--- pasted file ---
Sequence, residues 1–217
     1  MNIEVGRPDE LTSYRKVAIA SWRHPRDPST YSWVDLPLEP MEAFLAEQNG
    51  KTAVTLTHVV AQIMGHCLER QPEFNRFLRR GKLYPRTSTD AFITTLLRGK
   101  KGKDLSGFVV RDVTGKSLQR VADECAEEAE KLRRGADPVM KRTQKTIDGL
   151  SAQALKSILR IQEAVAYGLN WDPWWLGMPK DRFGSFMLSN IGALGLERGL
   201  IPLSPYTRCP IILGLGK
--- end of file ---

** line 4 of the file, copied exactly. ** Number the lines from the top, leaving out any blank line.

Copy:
   101  KGKDLSGFVV RDVTGKSLQR VADECAEEAE KLRRGADPVM KRTQKTIDGL